Top 10 Safeguarding Tips for Taxi Drivers

July 30, 2018
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If you’re a taxi driver, work in the booking office of a taxi company, or are the owner of a taxi firm, you have a responsibility to safeguard your passengers.

As a taxi driver, you have a unique reach into society. You observe and hear things that others don’t and you’re therefore more likely to notice crimes and vulnerability issues. Consequently, it’s important that you adopt good safeguarding practices to help vulnerable passengers.

This article shows the top 10 safeguarding practices, and ways you can help, so that you can ensure you are safeguarding vulnerable passengers.


10 Top Safeguarding Practices

You have a duty of care to protect your passengers. This includes following good safeguarding practices and knowing when to report if you suspect something is wrong. Our poster below shows the ten top safeguarding practices that you should always follow.

Safeguarding Tips for Taxi Drivers Poster

If you’d like to print this poster to use in your workplace, use the button below:


How You Can Help

If you do have concerns, there are a number of ways you can help.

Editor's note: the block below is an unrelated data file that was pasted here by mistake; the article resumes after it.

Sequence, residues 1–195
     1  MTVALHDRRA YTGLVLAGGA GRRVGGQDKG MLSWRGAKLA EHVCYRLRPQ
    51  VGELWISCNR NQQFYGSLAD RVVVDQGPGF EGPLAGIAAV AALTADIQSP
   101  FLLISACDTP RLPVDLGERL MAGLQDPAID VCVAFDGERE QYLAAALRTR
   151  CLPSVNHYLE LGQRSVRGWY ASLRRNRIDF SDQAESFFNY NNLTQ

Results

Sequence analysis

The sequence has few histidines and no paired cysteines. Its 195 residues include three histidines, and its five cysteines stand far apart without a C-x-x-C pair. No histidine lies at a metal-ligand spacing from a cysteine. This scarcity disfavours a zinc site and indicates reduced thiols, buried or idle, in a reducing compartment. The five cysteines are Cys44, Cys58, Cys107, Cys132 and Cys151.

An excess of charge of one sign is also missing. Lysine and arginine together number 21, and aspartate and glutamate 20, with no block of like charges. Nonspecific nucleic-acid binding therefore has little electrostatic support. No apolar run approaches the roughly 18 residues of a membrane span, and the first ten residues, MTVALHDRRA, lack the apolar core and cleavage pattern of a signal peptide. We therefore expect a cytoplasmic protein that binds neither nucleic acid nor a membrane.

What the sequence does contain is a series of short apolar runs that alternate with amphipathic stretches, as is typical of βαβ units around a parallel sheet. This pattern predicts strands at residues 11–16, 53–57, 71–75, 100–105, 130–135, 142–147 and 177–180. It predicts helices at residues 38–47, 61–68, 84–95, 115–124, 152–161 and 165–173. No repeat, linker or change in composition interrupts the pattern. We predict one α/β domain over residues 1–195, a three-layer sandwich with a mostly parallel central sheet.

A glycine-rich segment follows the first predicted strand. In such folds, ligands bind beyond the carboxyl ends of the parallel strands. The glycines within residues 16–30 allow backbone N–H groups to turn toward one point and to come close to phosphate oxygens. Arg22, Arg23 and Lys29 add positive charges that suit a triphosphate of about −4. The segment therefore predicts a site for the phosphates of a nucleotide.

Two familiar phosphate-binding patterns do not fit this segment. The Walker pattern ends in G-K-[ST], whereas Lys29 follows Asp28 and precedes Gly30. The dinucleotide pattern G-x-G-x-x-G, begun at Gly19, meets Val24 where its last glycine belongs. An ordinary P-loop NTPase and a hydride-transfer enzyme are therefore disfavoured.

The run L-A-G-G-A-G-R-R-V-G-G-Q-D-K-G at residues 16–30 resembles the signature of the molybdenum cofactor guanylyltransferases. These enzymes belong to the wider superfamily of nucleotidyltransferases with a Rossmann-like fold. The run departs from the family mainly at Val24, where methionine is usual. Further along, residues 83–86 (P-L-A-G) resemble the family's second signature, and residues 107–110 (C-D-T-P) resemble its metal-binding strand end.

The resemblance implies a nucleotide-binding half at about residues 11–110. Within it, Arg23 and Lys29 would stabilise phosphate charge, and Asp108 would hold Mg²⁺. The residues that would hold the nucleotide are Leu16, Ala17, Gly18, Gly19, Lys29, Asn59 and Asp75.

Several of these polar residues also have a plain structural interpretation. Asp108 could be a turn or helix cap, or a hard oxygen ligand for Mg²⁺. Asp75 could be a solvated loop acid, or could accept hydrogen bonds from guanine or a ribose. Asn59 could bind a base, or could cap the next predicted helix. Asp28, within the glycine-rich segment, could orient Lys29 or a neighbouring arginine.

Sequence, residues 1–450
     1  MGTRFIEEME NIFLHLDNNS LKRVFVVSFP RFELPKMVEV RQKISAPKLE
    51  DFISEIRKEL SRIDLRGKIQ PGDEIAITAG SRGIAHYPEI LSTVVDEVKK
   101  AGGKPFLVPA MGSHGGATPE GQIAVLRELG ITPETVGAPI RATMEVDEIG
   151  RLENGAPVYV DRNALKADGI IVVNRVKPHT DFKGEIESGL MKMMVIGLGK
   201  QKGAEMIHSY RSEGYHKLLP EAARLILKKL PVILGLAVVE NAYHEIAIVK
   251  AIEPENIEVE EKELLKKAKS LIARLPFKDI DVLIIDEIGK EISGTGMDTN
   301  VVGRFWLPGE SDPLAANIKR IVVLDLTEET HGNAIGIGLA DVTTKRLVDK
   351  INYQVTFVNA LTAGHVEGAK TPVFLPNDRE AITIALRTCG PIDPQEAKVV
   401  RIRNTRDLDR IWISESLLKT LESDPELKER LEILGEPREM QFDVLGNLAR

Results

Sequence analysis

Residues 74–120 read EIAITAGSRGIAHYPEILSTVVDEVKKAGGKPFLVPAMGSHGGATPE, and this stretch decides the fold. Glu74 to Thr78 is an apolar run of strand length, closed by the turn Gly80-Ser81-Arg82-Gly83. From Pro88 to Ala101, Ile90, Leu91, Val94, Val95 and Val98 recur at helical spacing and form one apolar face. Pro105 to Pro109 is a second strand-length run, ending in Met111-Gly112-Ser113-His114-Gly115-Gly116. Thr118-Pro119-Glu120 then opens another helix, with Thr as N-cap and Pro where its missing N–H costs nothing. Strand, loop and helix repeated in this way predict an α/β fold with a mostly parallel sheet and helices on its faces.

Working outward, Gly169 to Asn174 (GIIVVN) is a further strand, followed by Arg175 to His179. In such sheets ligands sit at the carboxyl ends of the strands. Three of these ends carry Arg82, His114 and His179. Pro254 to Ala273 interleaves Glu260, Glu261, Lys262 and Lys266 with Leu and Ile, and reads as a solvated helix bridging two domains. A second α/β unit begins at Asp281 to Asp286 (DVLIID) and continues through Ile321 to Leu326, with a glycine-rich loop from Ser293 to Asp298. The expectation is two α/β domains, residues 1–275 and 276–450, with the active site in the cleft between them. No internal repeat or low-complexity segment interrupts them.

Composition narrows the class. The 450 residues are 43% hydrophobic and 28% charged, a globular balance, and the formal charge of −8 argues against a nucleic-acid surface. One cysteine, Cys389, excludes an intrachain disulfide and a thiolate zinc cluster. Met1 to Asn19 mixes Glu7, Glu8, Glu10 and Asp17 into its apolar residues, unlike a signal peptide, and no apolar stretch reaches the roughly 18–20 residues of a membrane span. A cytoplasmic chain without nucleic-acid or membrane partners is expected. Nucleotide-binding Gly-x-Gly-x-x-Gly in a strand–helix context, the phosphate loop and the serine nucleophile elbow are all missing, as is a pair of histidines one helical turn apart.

For initial concerns, you should report your concerns to your manager and keep a record yourself. This should contain the following information:

  • Personal details of the passenger, such as their name and age, if you know any.
  • Personal characteristics, such as gender and if they had a noticeable disability.
  • The date and time of the journey.
  • Where you picked the passenger up from and the journey destination.
  • If anybody else was in the taxi.
  • Your concern.
  • How your concern came about. For example, was something said or did you notice bruises?

If you believe the passenger is in immediate danger, you should contact the police on 101 or 999 immediately.

If you have concerns about a child or children, contact children’s charity NSPCC on 0808 800 5000.


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